Questions for classical (byzantine) scholars

Empress Theodora is famous for saying “Royal purple makes a fine burial shroud” when faced with fleeing from or standing up to a rebellion.

What language was she speaking, and what was the exact quote in that language? How loose is the above translation?

She was Greek, so probably said whatever she said in that language. If the stories are to be believed she rose from being a child prostitute to Empress.

The full quote is “Those who have worn the crown should never survive its loss. Never will I see the day when I am not saluted as Empress! Royal purple makes a fine burial shroud; I will die here rather than live hiding in exile!” and you can read more about her in Theodora: Empress, Actress, Whore, by Stella Duffy; published by Virago

The quotation comes from History of the Wars (aka The Wars of Justinian), book I, section xxiv, written in Greek by Procopius (Prokopios). You can read the original Greek and English translation side-by-side here. She was quoting an old adage that seems to have been “καλον ενταφιον η βασιλεια εστι” (I don’t know how to type the diacritical marks). This seems to mean that royalty (not purple) is a good burial shroud. Keep in mind that my Greek is almost non-existent, so I defer to more knowledgeable posters if they disagree with me.

Could just as easily mean that the empire is a perfect tomb. Anybody got some historical context handy?

I believe it was during the Nika Riots. One of the crazier episodes in Byzantine history, basically the Byzantine equivalent of a football riot, which cost 10s of thousands of lives.

Well, a football riot that almost overthrows the current rulers (to the point that a usurper had been named by the rioters). And the tens of thousands dead were the rioters, after the losing rulers (Justinian and Theodora) called in the Army to settle the issue.

Theodora’s insistence that she’d rather die the Empress than live as a former Empress apparently shamed Justinian into staying, bribing the part of the crowd that was already somewhat partial to him, and then summoning his generals to kill the rest.

Worst sports riot ever.

You know how you’ll sometimes hear that Justinian was a complete dick, but you could never completely understand why? Well, it’s this sort of thing. “Hmm, abdicate, or massacre the population of my own capital? Massacre it is, then.”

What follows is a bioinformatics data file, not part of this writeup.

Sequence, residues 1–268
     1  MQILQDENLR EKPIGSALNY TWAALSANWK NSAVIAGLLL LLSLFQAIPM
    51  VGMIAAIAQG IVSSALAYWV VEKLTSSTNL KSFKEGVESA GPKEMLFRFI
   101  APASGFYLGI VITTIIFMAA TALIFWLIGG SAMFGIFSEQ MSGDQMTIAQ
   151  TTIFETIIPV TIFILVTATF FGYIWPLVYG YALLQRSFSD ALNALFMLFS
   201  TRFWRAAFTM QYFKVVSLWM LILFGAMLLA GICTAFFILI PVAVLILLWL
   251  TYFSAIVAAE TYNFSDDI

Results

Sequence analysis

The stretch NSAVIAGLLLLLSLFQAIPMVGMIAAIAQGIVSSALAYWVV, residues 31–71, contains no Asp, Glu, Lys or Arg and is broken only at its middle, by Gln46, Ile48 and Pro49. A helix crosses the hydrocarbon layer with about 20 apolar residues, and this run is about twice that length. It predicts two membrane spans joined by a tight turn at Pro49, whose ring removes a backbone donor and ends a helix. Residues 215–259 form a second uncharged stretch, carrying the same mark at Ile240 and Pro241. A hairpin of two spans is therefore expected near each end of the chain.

But, yeah, sure. Blame Theodora. It’s always the wife’s fault. :wink:

To confirm, Bασίλεια means reign, royalty or kingship. Nowt to do with purple, although this colour was, of course, connected to the role for a long period, including the one in question: [Tyrian purple]( purple)


Yeah, it’s related to basileus, meaning king, which y’all might recognize. The “purple” phrasing sure is nice, though, even if it’s a slightly creative translation.

I’m sorry that I wasn’t more precise. By historical context, I didn’t mean the Nika riots or the Byzantine Empire, I meant whether the specific place and time give any indication of the connotation of the words ενταφιον or βασιλεια. The well-known translation implies that ενταφιον means “burial shroud,” but the more common definitions appear to be “grave gift” or “tomb” (presumably a large and sumptuous one). The same translation implies that βασιλεια means “royalty” or “kingship,” but it can also connote the kingdom (or empire) itself - its lands and its people. And καλον means an ideal, the highest expression of a thing.

Since Theodora was quoting an adage, one might presume that she meant more or less what the author meant, or one might conclude she was being ironic (and maybe a tad bitter). Does anyone know what the adage itself connotes? Was Theodora saying that the mere fact of dying with the crown is an excellent thing to be buried with, or that the ruins of one’s own Empire are a fitting place to be buried?

While the byzantine empire and emperors spoke greek in the later years of the empire, Justinian was the last Latin speaking emperor, he did know greek but he spoke it with a heavy accent and was probably more comfortable with latin., but latin was the language of the royalty. I know the question is about Theodora, she was speaking to Justinian and she also probably spoke latin.

Well, to be fair, it’s not like abdication meant “go live in Paris with a royal stipend” like in 1937. He wasn’t prioritizing death to all, over tending a rose garden in quiet contemplation in retirement.

This won’t address the original question, which I think is safely answered and long forgotten anyway, but the quote seems to be based on “Tyranny is a beautiful shroud,” supposedly said by Heloris of Dionysius I around 130 years earlier. It is often thought that Procopius, who was very critical of the emperor, may have made up Theodora’s quote to paint Justinian as being less brave than a woman.